A number of Alabama Republican officials dismissed allegations of sexual misconduct against their Senate GOP nominee, former judge Roy Moore, as suspect and overblown on Thursday.
Leigh Corfman told The Washington Post that Moore, then a 32-year-old assistant district attorney, took off her shirt and pants and removed his own clothes in one 1979 incident. He touched her through her bra and led her hands to touch him through his underwear, she said. She was 14 at the time.
Three other women who spoke to the Post ― for a deeply reported article that was published Thursday ― said Moore had “asked them on dates when they were between 16 and 18 and he was in his early 30s.”
While most Senate Republicans immediately distanced themselves from Moore, maintaining that he ought to withdraw from the race if the allegations are true, GOP officials in Alabama stood by the prominent Ten Commandments advocate.
“He’s clean as a hound’s tooth,” Alabama State Auditor Jim Zeigler said in an interview with The Washington Examiner, before invoking the Bible to defend Moore.
“Zachariah and Elizabeth for instance. Zachariah was extremely old to marry Elizabeth and they became the parents of John the Baptist,” Zeigler said. “Also take Joseph and Mary. Mary was a teenager and Joseph was an adult carpenter. They became parents of Jesus.”
Alabama state Rep. Ed Henry (R) went even further, questioning the timing of the allegations and suggesting that, if true, the accusers should be prosecuted for not coming forward sooner.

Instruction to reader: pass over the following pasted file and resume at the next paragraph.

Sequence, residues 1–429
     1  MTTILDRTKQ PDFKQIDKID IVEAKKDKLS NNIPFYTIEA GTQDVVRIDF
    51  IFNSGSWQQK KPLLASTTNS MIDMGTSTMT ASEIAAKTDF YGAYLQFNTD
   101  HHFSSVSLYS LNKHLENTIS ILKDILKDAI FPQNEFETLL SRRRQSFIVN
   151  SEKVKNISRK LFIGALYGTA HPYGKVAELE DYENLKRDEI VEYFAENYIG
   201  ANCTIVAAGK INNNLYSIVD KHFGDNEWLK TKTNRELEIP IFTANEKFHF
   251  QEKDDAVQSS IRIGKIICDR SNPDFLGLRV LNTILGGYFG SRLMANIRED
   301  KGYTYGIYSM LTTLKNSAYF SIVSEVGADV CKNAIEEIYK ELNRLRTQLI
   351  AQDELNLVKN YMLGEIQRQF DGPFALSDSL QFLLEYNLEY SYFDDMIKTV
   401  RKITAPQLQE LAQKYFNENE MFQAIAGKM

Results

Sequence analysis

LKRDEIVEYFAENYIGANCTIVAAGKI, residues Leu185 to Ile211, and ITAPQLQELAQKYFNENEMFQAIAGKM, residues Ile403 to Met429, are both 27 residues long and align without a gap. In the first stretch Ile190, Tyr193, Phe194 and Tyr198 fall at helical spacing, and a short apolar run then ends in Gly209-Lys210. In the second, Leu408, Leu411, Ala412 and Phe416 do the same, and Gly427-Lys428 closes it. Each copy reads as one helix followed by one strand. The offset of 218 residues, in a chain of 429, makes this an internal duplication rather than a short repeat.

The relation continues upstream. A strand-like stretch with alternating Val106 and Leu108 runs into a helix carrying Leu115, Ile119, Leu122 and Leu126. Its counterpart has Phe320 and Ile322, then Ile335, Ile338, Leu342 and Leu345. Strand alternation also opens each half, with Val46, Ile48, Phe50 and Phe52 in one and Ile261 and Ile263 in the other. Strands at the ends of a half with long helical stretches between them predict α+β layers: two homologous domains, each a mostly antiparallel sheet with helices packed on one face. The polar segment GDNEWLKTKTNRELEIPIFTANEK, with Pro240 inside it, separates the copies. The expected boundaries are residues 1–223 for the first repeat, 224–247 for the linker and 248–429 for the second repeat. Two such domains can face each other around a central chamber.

“If they believe this man is predatory, they are guilty of allowing him to exist for 40 years,” he told The Cullman Times. “I think someone should prosecute and go after them. You can’t be a victim 40 years later, in my opinion.”
Alabama Secretary of State John Merrill called the sexual allegations against Moore “just another piece of information that will allow [voters] to make their decision.” He further questioned the timing and source of the Post’s report.
“It’s odd to me that this information has just been introduced,” Merrill told HuffPost. “In all the campaigns Judge Moore has ever run before ― and he has run a lot of them, probably a dozen campaigns ― it’s very, very odd to me this information has just been introduced.”
Alabama is home to many “outstanding news people,” Merrill added, and “not one of those people has ever been able to” unearth the allegations in the Post story.
Madison County GOP Chairman Sam Givhan echoed the sentiment.
“I’m obviously suspicious. After all, some of these allegations are 40 years old,” Givhan told HuffPost. “The man’s been elected twice. Run two other times. Never came up before. Pretty amazing, the timing of this.”
Other Alabama county GOP chairmen cast doubt on the allegations ― and expressed their unwillingness to vote for the Democrats’ nominee, Doug Jones ― in interviews with Toronto Star reporter Daniel Dale:
Huntsville Mayor Tommy Battle, a Moore supporter who’s running for governor, did not take such a dismissive attitude, saying that the former judge “does not need to be the Republican candidate for Senate” if the allegations are proven to be true.
Alabama law prohibits withdrawal of a candidate’s name within 76 days of the election, so Moore’s name will remain on the ballot regardless of whether he steps down. Indeed, given his well of support in the deep-red state, not to mention his dominant position in the polls ahead of the Dec. 12 election, it’s hard to see Moore going anywhere.
“Unfortunately, there’s probably still a pretty good chance [he will win],” a Republican who founded the Facebook group “Republicans for Doug Jones” told HuffPost. The page has more than 1,300 followers.
“People are so stuck in that two-party mentality that it’s [hard] to break out of that mold,” said the individual, who had supported Donald Trump. “A lot of the resistance that I’m hearing from people who are Republicans and still say they’ll vote for Moore is the whole abortion thing [and Jones’ position on it].”
Andy Campbell and Amanda Terkel contributed reporting.